Dennis Miller, the liberal-turned-conservative comedian and defender of President Bush and the war in Iraq, is less than a week from being the host of a new talk show on CNBC. For him, it can't come soon enough.
"People say I've slid to the right," Miller said in his office at the NBC Studios in Burbank, speaking in his rat-a-tat-tat style. "Well, can you blame me?
"Did you see the Democratic debate the other night?" he asked. "To me, Dennis Kucinich's politics are more scrambled than Rod Steiger's dream journal. And Clark? He's a wizard in many ways, but when I hear him speak, it's almost like he's slumming. There's a mensch discrepancy there. At least John Edwards, who to me is a reasonably shallow guy, at least he can dog-paddle around in that park and not look out of place."
Miller's rapid-fire monologues and obscure, even weird cultural references _ Rod Steiger's dream journal? _ have made him one of television's most visible comedians of the past two decades. He was a regular on NBC's Saturday Night Live from 1985 to 1991; had an Emmy Award-winning weekly series on HBO, Dennis Miller Live, in the 1990s; worked as a film and television actor; was a commentator for two seasons on ABC's Monday Night Football; and most recently was an essayist for Fox News.
Miller's metamorphosis from iconoclastic liberal to freewheeling conservative, which he partly attributes to the Sept. 11 attacks, has made this 50-year-old comedian an esteemed figure on the Fox network. It has also made California Republicans, who have triumphed with a movie star in the governor's mansion, look to Miller as a possible opponent to Sen. Barbara Boxer, the liberal Democrat who is up for re-election this year. (Miller supported Arnold Schwarzenegger's campaign for governor and performed last summer at California fund-raisers for President Bush.)
Miller said he told the Republicans he had no interest in running against Boxer, largely because winning would mean moving to Washington from Santa Barbara, where he lives with his wife and two children. "They inquired about my availability to run against Barbara Boxer, but I'm not at the point where I would consider it," he said.
His new hourlong show, Dennis Miller, at 9 weeknights (with a repeat of one show on Sunday), will premiere Monday. It will include his usual venting on current issues, as well as interviews with political figures, journalists and others, and a nightly "right-left" debate among figures at different points on the political spectrum.
Pamela Thomas-Graham, president and chief executive of CNBC, said Miller's "kinetic energy" appealed to the network, now mostly an outlet for financial news. By hiring him, she said, CNBC hoped to retain and expand its daytime audience with a politically savvy show. She said the CNBC daytime viewers were probably "interested in relaxing at night" with material that reached beyond Wall Street.
Thomas-Graham said Miller's political positions had played no role in the decision to hire him. "We are completely agnostic in that direction," she said. "We were looking for someone who has a point of view and is willing to defend that point of view."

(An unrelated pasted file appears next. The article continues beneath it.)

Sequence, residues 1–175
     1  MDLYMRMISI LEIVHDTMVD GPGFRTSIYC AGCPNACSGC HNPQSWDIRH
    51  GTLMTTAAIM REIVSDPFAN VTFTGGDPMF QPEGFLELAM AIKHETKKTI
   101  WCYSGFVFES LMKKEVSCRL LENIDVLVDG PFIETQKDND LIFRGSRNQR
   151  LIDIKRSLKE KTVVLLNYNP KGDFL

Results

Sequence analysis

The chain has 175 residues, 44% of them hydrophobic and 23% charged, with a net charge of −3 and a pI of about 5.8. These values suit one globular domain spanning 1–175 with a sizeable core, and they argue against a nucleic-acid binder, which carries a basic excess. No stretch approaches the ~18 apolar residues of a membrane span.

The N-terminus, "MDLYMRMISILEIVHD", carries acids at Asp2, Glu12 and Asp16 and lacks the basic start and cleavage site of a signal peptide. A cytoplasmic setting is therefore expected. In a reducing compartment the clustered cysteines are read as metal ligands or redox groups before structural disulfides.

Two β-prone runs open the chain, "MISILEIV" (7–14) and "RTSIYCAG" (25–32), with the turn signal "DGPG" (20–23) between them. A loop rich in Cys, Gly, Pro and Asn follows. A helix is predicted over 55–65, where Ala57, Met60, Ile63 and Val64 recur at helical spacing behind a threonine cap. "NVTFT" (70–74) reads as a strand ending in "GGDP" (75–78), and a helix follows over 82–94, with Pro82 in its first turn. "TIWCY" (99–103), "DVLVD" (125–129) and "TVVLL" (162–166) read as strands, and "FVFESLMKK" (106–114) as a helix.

Miller is also not a traditional conservative.
"I've always been a pragmatist," he said. "If two gay guys want to get married, it's none of my business. I could care less. More power to them. I'm happy when people fall in love. But if some idiot foreign terrorist wants to blow up their wedding to make a political statement, I would rather kill him before he can do it, or have my country kill him before he can do it, instead of having him do it and punishing him after the fact. If that makes me a right-wing fanatic, I will bask in that assignation."
Miller said he remained socially liberal. "I think abortion's wrong, but it's none of my business to tell somebody what's wrong," he said. "So I'm pro-choice. I want to keep my nose out of other people's personal business. I guess I fall into conservative when it comes to protecting the United States in a world where a lot of people hate the United States."
The Sept. 11 attacks, Miller said, changed him. "Everybody should be in the protection business now," he said. "I can't imagine anybody not saying that. Well, I guess on the farthest end of the left they'd say, "That's our fault.' And on the middle end they'd say,"Well, there's another way to deal with it other than flat-out protecting ourselves.' I just don't believe that. People say we're the ones who make them hate us because of what we do. That's garbage to me. I think they're nuts. And you've got to protect yourself from nuts."
Miller's decision to join CNBC came after a somewhat troubled time in his career. He said he was fired by ABC in 2002 after two seasons as a commentator on Monday Night Football when the network had a chance to hire John Madden. Miller's reviews had been mixed. He said he enjoyed being a sports commentator and had no ill will toward ABC. "As soon as Madden left Fox, I pretty much knew I was going to be whacked," he said. "Here was Madden, the Pliny the Elder of football announcers. And they were going to stay with the kid?"
"I was having fun," Miller added. "I had alienated half the community, and probably half of them liked me. Which is pretty much my batting average. I began to see maybe a decade ago that my career was never going to be in complete approval. I wasn't endearing."